Editor’s Note: On Saturday, I got a text from our dear friend and “retired” runner, Pace, that she placed in her age group in a race we didn’t even know she was running. I was not at all surprised to hear she did well, but was a little shocked when I learned it was for 13+ miles on trails. Pace has been known to drop an F bomb here or there and I would have paid good money to hear her inner dialogue during this race. This recap is a good substitute, though! Enjoy!
Actual distance – 13.7 miles
I’m going to kick this thing off with a bold and controversial statement: I don’t actually like running.
It’s hard, it hurts, and I’m rarely as fast as I want to be. Now there are some aspects of running that I do appreciate – I’m happy with the effect it has on my health and body, I enjoy the feeling of accomplishment after getting a PR or getting through a tough workout, and I ADORE the friends I’ve made through running, specifically November Project.
The actual act of running though… meh.
But at the end of the day, I’m still a competitor and enjoy a good challenge. I had been looking for a summer race to help prep me for the NP Summit so when this came across my radar I figured “what the hell”. I decided to keep it on the DL, however. With a combination of nerves, a short training time frame, and this being my first trail race, I figured if it went badly and no one even knew I was racing then I could just pretend it didn’t happen. Felt like a win-win situation.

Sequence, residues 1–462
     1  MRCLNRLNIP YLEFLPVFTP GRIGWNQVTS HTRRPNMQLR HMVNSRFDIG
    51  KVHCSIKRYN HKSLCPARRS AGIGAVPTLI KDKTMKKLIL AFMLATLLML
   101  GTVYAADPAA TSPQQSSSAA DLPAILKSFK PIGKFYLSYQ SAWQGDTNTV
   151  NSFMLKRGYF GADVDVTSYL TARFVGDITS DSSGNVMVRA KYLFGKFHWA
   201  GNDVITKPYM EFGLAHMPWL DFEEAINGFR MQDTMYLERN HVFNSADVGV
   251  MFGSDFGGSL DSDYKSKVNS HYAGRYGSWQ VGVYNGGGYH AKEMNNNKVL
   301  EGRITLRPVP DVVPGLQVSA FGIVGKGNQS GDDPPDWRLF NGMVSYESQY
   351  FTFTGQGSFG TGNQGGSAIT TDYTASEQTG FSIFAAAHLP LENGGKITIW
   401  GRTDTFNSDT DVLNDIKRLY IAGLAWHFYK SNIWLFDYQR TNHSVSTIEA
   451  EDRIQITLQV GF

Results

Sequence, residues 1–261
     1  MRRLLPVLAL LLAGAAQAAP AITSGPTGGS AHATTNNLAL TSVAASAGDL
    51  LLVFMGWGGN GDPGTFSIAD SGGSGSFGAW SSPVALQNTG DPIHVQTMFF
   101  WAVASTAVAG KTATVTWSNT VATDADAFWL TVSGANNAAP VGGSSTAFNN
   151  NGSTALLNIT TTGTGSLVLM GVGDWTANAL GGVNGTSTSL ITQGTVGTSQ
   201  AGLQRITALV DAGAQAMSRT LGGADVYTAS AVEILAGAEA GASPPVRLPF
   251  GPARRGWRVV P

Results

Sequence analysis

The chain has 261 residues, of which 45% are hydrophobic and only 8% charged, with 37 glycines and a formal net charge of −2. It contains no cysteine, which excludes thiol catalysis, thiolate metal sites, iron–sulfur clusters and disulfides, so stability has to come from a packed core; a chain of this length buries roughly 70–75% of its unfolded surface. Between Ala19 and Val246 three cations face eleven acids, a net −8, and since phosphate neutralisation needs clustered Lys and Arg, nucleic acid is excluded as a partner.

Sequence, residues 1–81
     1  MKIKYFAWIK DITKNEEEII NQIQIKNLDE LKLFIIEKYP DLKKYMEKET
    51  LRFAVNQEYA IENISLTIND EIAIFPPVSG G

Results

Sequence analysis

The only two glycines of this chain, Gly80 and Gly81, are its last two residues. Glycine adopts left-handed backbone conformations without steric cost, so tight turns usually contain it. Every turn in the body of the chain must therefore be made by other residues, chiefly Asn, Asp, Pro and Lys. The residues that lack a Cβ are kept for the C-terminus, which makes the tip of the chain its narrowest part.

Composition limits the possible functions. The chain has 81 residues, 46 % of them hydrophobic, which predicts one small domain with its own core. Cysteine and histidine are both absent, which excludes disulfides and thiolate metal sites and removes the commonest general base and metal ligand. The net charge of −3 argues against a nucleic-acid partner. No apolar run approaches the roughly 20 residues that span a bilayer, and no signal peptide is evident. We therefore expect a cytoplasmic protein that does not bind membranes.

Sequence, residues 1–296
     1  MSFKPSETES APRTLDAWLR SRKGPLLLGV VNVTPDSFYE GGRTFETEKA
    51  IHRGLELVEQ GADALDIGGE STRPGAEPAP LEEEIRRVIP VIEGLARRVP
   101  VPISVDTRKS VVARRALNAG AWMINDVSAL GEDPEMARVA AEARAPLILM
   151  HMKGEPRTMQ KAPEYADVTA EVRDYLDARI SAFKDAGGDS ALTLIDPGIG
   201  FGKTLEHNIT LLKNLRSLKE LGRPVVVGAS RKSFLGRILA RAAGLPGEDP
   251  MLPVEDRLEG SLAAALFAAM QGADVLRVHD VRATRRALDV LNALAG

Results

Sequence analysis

Training: I watched a 35 min video on trail running and loosely-ish followed the last 5 weeks of a training plan I found online. Pretty sure I nailed it on the race preparation.
Race Day: At the start, the race director went over the course and typical directives. After finding out that most of the course was loose rock, tree root covered, somewhat sandy and mostly uphill terrain, I think everyone was excited to hear that the last 3 miles were “all downhill”. Only 10 miles separate me from the easiest part of the race – Awesome!
When it was time to toe the line, intimidation sunk in and I slinked towards the back of the crowd. These people had hydration packs, compression socks, and their special shoes, even hiking poles! Already I thought, “Fuuuuck. What am I doing.”
Miles 1-3.5ish were a short out + back off of the starting area to separate us from the 10K racers. I was already hiking less than 10 min in. I read a quote a few weeks ago that I had nailed down as my mantra for the race – “If you think you’re going slow, go slower”. Everything was already going according to plan…
As we finally got moving, racing groups became defined pretty quickly. I was doing some back + forth with a racer who I referred to as “red shirt guy” and my plan was to try and hang with him for the race. He kind of looked like he knew what he was doing.
Miles 4-7: Pass red-shirt guy. By this time there were a few other people that I was doing a similar passing game with so I moved onto them as my new competition. I found myself getting really frustrated when I’d move past someone on the uphill hike, but then get passed on the downhills. I even asked one downhill sprinter guy if he had any tips. He gave me nothing. Dick. (It’s OK though, I ended up crushing him in the end)